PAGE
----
There is also disappointment at one Gaeltacht effectively taking business, worth more than €1 million a year, from a more fragile sister Gaeltacht.
The summer college was the Uíbh Ráthach Gaeltacht in South Kerry’s only real foray into the Irish language learning industry, which is large scale in Corca Dhuibhne, according to locals.
The summer sabbatical had been running for three years in Iveragh. The three-week stay by students each July was worth over €1m a year to the area, which stretches from Bealach Oisín in the east, to Bolus Head on the edge of the Atlantic.
But just as important, it was also an important stamp of recognition for Uíbh Ráthach which has made huge strides in the awareness of its language heritage in recent years, Caitlín Breathnach, bainisteoir comhchoiste Ghaeltacht Uíbh Ráthaigh, said yesterday.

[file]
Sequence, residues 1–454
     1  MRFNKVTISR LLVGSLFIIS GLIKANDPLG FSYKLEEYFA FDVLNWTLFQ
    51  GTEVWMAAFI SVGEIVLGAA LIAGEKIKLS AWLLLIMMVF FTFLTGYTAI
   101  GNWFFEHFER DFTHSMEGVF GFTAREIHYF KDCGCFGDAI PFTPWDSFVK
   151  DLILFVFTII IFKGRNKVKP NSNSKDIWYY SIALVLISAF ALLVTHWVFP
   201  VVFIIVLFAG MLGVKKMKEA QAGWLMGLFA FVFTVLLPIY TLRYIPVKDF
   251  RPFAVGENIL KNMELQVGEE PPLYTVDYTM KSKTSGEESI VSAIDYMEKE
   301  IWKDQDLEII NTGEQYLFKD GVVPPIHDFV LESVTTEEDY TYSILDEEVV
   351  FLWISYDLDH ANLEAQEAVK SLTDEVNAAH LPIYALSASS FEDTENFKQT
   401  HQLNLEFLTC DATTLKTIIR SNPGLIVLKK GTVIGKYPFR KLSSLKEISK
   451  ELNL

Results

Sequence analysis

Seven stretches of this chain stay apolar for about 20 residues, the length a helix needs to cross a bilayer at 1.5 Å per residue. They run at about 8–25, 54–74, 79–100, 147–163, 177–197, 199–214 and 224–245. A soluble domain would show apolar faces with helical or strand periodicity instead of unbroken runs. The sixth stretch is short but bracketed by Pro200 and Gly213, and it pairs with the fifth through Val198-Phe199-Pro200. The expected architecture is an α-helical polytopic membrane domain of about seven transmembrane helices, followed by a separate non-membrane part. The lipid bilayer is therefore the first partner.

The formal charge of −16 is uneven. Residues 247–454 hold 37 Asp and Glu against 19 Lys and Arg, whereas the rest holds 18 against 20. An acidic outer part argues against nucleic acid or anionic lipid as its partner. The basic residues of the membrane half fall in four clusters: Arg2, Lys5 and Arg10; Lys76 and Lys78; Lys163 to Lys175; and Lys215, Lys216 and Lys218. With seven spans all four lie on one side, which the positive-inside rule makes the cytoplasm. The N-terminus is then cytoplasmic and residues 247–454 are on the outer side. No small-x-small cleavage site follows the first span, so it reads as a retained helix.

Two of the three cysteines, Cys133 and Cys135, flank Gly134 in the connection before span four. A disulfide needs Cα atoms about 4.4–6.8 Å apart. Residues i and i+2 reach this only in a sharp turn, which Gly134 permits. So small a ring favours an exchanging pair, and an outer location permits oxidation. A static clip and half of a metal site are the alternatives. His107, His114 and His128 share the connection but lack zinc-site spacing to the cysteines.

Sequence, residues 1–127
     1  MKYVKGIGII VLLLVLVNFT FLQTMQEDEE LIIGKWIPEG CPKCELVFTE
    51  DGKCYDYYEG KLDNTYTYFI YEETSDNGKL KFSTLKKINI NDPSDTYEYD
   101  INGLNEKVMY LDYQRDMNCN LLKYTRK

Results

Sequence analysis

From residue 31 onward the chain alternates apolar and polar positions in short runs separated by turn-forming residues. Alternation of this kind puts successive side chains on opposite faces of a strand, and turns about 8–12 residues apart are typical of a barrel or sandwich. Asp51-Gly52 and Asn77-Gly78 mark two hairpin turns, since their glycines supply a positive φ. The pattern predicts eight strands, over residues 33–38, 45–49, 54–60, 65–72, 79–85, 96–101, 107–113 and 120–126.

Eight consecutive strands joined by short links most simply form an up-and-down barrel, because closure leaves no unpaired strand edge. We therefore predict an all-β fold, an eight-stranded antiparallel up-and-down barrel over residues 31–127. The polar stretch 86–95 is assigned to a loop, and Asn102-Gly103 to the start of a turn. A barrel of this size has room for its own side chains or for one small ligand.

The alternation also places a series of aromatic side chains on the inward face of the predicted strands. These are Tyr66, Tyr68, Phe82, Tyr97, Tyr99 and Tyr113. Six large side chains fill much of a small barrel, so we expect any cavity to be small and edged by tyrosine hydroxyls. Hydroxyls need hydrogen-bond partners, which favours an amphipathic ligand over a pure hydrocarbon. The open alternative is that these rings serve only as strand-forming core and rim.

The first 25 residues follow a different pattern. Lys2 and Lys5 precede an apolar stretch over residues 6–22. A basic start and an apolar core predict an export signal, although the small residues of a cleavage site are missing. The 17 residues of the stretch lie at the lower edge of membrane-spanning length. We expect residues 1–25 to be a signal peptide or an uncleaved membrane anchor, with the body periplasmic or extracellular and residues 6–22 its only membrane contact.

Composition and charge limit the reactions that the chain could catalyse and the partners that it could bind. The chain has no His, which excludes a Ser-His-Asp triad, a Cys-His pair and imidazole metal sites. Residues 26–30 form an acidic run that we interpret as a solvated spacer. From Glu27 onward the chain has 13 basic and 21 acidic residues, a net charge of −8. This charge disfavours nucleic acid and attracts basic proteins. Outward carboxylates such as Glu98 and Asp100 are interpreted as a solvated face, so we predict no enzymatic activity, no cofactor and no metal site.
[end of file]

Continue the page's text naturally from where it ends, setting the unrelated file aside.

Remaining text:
“This is an unbelievable loss to us. Last year we had 250 students, the previous year we had 400, and in 2009, we had 350.”
Most of the 100 holiday homes registered in the Gaeltacht were taken by the postgraduate students and their families. “With the last 12 years, a big effort has been made here on reviving the Irish language. It didn’t slip overnight and we can’t revitalise it overnight,” Ms Breathnach said.
Uíbh Ráthach is a Category C Gaeltacht (on account of its number of speakers) and this, as well as price and the scattered geography, were said to be factors in Hibernia’s decision to relocate.
A spokesman for Hibernia said a range of factors came into play in the decision to relocate to Baile an Fheirtéaraigh in west Kerry, including accommodation facilities and their proximity to teaching facilities.